In Dismissal Motion, Apple Denies Responsibility for Predatory Acts Committed via Chat Apps

A motion to dismiss filed on Monday by Apple Inc. claims that the tech giant, along with co-defendants Snap Inc. and Google, cannot be held liable for crimes committed by predators using online message apps downloaded via the App Store.

The motion recalls the events giving rise to the amended complaint, starting with the three minors meeting criminal perpetrators on popular messaging apps distributed and sold through Apple’s App Store. Perpetrators also allegedly distributed obscene materials of the minors using Chitter, a foreign-operated content-sharing app that allows users to exchange photos, videos, and messages anonymously.

The complaint attributed the exploitation to Apple, explaining that it enabled, recommended, and steered users, partly using an “algorithmic recommendation tool and data aggregation/analytics system” to “inherently dangerous apps” like Snapchat and Chitter. Further, it faulted Apple for claiming to police apps for misconduct or bad behavior, but not living up to that promise.

The plaintiffs sought relief from product liability, negligence, and consumer protection law causes of action.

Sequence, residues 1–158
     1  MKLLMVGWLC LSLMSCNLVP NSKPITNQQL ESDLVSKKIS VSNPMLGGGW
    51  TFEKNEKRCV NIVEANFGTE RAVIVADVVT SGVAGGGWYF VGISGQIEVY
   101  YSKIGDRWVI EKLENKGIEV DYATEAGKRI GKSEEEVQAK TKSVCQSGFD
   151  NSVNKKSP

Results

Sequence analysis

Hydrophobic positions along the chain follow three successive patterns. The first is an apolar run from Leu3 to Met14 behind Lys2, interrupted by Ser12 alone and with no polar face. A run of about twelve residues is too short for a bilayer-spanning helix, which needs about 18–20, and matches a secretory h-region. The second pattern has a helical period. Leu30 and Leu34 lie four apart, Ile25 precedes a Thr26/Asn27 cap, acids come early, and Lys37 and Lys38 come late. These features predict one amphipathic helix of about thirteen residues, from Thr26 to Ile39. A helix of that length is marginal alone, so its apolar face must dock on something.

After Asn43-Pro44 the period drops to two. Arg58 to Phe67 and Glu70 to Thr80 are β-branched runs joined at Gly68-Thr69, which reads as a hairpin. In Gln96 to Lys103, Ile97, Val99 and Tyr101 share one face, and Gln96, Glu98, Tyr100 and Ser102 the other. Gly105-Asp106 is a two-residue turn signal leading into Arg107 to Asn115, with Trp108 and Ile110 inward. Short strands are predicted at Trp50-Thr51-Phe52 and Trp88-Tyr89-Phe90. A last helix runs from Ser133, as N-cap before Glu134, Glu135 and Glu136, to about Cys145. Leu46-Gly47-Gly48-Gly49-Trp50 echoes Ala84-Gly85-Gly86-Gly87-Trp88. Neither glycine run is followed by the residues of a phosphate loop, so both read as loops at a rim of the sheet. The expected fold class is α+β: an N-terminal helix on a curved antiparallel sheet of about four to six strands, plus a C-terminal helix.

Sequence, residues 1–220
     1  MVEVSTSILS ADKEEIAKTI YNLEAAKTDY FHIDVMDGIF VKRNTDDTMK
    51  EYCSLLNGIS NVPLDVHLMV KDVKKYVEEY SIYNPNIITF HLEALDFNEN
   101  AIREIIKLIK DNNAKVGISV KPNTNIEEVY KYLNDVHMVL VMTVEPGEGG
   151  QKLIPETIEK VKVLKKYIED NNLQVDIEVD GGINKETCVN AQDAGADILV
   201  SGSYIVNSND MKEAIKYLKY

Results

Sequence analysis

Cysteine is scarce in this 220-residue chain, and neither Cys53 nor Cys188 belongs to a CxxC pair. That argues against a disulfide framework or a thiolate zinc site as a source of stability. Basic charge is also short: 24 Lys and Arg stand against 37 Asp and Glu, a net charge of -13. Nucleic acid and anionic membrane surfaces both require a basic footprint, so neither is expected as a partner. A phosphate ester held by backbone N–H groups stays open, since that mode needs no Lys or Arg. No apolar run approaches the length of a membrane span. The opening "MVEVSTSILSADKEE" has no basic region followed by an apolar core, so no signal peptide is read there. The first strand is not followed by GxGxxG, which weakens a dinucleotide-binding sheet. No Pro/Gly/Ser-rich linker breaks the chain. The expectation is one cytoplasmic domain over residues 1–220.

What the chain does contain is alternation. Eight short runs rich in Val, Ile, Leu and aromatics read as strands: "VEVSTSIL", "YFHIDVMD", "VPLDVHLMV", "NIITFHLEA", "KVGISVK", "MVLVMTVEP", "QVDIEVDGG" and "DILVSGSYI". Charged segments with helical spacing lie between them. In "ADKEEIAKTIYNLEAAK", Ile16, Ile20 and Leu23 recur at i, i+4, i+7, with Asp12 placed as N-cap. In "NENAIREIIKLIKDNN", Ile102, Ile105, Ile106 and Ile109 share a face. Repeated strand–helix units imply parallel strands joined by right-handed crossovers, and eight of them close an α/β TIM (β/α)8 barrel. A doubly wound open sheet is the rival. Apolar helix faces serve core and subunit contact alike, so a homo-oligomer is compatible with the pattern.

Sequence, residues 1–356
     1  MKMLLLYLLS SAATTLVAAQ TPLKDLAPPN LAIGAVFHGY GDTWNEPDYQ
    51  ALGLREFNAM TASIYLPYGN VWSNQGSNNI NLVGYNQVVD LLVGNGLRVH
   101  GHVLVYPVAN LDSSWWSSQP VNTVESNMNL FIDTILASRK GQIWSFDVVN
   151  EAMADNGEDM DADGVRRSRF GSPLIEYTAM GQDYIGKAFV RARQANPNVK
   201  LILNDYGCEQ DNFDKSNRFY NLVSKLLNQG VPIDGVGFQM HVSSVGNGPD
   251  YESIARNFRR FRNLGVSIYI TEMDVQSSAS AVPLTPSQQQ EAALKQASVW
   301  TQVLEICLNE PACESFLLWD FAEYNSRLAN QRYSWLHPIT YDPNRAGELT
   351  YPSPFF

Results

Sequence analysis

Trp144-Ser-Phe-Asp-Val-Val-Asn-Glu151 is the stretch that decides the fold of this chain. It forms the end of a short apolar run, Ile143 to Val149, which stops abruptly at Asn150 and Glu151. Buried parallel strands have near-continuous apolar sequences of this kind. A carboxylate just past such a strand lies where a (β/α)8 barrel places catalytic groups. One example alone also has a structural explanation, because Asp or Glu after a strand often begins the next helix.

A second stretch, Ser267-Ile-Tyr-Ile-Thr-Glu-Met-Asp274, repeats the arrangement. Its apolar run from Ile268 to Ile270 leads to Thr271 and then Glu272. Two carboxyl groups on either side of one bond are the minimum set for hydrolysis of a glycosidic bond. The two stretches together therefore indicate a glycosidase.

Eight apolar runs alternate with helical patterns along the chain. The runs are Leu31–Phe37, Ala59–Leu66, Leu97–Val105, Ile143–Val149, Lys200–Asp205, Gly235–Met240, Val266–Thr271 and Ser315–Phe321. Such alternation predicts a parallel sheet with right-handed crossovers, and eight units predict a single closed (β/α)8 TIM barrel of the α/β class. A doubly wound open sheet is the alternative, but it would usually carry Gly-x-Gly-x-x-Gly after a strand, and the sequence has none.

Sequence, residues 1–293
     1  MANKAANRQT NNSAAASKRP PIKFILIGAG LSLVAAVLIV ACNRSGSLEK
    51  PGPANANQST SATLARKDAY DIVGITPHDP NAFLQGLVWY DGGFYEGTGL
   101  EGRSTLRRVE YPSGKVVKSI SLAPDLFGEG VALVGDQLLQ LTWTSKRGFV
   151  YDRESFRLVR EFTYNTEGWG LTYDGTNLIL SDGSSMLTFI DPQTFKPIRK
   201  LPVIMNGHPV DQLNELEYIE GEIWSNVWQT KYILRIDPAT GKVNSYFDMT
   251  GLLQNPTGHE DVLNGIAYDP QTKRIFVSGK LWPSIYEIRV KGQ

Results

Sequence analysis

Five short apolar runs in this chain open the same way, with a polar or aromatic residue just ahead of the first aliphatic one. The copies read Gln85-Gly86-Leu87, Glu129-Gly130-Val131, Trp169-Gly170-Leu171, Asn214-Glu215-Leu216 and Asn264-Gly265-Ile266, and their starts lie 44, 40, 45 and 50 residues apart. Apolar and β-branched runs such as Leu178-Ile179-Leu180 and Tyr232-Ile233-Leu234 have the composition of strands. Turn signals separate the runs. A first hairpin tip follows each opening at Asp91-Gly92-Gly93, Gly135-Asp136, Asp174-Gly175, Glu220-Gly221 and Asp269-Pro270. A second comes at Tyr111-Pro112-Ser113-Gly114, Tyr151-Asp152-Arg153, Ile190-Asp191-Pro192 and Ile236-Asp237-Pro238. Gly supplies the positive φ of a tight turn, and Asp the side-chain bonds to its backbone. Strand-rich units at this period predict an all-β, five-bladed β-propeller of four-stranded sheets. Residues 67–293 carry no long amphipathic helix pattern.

In this week’s response, Apple notes that some perpetrators have already been convicted of their crimes in separate criminal proceedings. Yet of the present civil suit, Apple says that it is “not legally responsible for every bad act of a third party who transmits illicit content to other third parties using an app created by yet another third party merely because the app is available for download on the App Store.” The filing underscores that this is particularly true where, as here, the plaintiffs fail to allege a connection between a plaintiff or perpetrator and Apple.

The motion to dismiss raises a Section 230 of the Communications Decency Act defense, claiming that Apple is shielded from claims that treat online platforms as the publisher of third-party content. 

Even failing that, Apple says the causes of action fall short for failing to allege their required elements. Like an opinion against Salesforce concerning its alleged participation in a sex-trafficking ring recently found, Apple claims that it neither participated in an illegal venture nor knew or should have known about the crimes against the plaintiffs.

The plaintiffs are represented by Eisenberg & Baum LLP and Buche & Associates P.C. while Apple is represented by Jenner & Block LLP.